Patent application title: Methods and Apparatus for Wireless Device Application Having Vehicle Interaction
David Anthony Hatton (Berkley, MI, US)
David Anthony Hatton (Berkley, MI, US)
Anthony Gerald King (Ann Arbor, MI, US)
Anthony Gerald King (Ann Arbor, MI, US)
FORD GLOBAL TECHNOLOGIES, LLC
IPC8 Class: AG06F1700FI
Class name: Data processing: vehicles, navigation, and relative location vehicle control, guidance, operation, or indication remote control system
Publication date: 2012-12-06
Patent application number: 20120310445
Patent application title: Methods and Apparatus for Wireless Device Application Having Vehicle Interaction
Anthony Gerald King
David Anthony Hatton
IPC8 Class: AG06F1700FI
Publication date: 12/06/2012
Patent application number: 20120310445
A computer-implemented remote starting method includes instructing the
remote start of a vehicle using a wireless device. The method also
includes inputting, to the wireless device, a desired vehicle interior
temperature. The method further includes sending a remote start
instruction to a vehicle from the wireless device, including at least the
desired temperature and monitoring a current temperature of the vehicle.
The method additionally includes outputting, on the wireless device, the
current vehicle temperature.
1. A computer-implemented remote starting method comprising: instructing
the remote start of a vehicle using a wireless device; inputting, to the
wireless device, a desired vehicle interior temperature; sending a remote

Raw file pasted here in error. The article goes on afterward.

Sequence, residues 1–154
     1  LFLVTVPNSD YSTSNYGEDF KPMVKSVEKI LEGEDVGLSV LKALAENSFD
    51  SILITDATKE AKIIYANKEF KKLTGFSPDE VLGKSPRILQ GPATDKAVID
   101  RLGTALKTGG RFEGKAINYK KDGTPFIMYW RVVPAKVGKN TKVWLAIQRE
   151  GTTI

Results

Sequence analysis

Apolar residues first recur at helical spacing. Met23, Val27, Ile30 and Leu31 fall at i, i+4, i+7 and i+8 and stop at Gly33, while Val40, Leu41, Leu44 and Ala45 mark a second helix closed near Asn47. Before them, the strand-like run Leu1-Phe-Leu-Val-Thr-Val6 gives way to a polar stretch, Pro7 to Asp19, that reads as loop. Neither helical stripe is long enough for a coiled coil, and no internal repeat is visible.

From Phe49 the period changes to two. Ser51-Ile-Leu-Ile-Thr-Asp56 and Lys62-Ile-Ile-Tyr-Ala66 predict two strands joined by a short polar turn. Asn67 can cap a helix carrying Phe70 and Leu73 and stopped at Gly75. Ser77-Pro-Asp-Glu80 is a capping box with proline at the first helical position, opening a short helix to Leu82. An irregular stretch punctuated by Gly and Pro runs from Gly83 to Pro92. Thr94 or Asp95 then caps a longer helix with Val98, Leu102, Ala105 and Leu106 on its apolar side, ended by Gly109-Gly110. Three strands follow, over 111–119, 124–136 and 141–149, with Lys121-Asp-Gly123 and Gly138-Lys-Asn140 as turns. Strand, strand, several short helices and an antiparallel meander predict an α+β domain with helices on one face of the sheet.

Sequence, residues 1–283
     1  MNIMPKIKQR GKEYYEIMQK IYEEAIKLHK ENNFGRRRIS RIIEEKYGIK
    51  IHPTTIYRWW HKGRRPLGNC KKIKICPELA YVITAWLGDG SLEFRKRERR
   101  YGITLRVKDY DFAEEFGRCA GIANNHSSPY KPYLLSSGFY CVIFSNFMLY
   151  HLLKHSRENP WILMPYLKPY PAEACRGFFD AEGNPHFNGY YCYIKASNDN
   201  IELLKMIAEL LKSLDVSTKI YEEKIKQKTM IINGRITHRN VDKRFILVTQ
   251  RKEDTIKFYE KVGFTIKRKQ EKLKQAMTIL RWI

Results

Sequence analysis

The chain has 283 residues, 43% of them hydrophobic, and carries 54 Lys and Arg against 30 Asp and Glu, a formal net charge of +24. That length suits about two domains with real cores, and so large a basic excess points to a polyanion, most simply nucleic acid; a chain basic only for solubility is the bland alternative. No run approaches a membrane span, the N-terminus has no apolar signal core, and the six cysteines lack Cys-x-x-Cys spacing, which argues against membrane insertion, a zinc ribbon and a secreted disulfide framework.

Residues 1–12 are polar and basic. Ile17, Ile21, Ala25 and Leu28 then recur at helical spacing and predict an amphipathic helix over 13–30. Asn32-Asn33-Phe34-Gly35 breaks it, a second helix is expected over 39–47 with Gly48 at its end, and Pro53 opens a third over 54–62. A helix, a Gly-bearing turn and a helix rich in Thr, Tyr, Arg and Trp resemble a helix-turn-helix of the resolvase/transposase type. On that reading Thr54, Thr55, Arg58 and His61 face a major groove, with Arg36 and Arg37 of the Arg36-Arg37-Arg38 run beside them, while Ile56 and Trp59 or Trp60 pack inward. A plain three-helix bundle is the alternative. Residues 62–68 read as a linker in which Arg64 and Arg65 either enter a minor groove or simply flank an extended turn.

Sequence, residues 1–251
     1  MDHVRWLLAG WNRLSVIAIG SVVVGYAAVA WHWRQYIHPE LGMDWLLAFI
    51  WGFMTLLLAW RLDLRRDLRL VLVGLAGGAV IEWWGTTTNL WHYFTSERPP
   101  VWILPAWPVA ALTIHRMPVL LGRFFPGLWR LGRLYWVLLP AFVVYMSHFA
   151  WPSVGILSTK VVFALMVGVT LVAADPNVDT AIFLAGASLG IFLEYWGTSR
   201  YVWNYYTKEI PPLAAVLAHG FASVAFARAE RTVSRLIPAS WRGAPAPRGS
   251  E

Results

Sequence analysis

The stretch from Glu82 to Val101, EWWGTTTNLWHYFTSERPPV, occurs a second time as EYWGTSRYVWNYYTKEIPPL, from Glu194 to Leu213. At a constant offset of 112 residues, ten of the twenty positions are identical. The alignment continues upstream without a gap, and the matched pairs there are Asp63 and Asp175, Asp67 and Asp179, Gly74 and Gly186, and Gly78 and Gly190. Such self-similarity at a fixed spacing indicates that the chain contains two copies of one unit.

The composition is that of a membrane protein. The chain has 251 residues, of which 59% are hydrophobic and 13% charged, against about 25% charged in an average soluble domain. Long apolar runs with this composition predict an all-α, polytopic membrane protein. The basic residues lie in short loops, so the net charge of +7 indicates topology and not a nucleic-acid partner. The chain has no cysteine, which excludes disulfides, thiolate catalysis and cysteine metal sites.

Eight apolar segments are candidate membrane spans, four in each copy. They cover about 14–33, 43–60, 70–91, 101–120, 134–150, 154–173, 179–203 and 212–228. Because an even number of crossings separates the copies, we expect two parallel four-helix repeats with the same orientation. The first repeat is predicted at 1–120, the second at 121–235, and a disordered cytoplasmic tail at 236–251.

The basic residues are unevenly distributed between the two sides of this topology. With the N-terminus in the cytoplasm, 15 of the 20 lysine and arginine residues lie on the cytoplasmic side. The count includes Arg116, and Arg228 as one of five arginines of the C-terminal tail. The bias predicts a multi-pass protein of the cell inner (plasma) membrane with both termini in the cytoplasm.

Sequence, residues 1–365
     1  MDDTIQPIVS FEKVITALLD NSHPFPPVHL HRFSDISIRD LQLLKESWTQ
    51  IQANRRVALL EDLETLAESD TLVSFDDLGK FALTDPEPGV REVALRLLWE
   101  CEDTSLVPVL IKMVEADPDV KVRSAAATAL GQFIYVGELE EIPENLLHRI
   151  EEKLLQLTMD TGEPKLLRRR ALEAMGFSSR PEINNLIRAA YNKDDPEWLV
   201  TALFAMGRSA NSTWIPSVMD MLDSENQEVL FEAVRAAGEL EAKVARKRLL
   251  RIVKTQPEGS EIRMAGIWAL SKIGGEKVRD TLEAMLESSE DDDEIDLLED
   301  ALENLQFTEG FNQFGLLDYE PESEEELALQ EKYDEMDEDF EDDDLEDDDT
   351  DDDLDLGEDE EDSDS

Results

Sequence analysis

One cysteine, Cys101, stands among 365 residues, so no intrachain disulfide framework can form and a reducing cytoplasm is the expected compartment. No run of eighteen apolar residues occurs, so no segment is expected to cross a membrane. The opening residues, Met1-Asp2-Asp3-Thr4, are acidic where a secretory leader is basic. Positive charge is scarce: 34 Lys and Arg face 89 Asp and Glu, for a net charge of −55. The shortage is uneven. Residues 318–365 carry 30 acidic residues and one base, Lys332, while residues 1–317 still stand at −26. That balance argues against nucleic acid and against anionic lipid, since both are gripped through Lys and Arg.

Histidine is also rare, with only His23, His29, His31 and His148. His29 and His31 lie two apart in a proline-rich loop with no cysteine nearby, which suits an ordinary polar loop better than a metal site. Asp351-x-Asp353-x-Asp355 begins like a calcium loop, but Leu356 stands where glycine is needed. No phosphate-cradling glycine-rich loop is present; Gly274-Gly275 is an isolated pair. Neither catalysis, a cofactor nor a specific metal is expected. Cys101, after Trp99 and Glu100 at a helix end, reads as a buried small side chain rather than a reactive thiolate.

start instruction to a vehicle from the wireless device, including at
least the desired temperature; monitoring a current temperature of the
vehicle; and outputting, on the wireless device, the current vehicle
2. A computer-implemented remote starting method, executable by a vehicle associated computing system (VACS) comprising: receiving a remote start instruction, including at least a desired vehicle interior temperature; activating a vehicle power system; determining a current vehicle temperature; if the current vehicle temperature does not equal the desired vehicle interior temperature, setting a vehicle climate control system to achieve the desired interior vehicle temperature; and activating a vehicle engine.
3. The method of claim 2, further comprising: locking vehicle doors.
4. The method of claim 2, further comprising: monitoring a vehicle interior temperature; and reporting the vehicle interior temperature to a device from which the remote start instruction was received.
5. The method of claim 2, further comprising: monitoring a vehicle interior temperature; and if a vehicle interior temperature equals the desired vehicle interior temperature, deactivating the vehicle engine.
6. A computer-implemented method, executable by a vehicle associated computing system, comprising: checking a digital calendar for at least one temporally proximate appointment having an associated address; determining a current vehicle location; estimating a travel time from the current vehicle location to the address associated with the at least one appointment; and outputting a recommended departure time, the recommended departure time no later than an at least one appointment start time less the estimated travel time.
7. The method of claim 6, further comprising: obtaining one or more factors that may affect travel time; and wherein the estimating a travel time further comprises estimating a travel time based at least in part on the obtained one or more factors.
8. The method of claim 7, wherein the one or more factors include a current weather status.
9. The method of claim 7, wherein the one or more factors include a weather forecast for weather during a time of travel.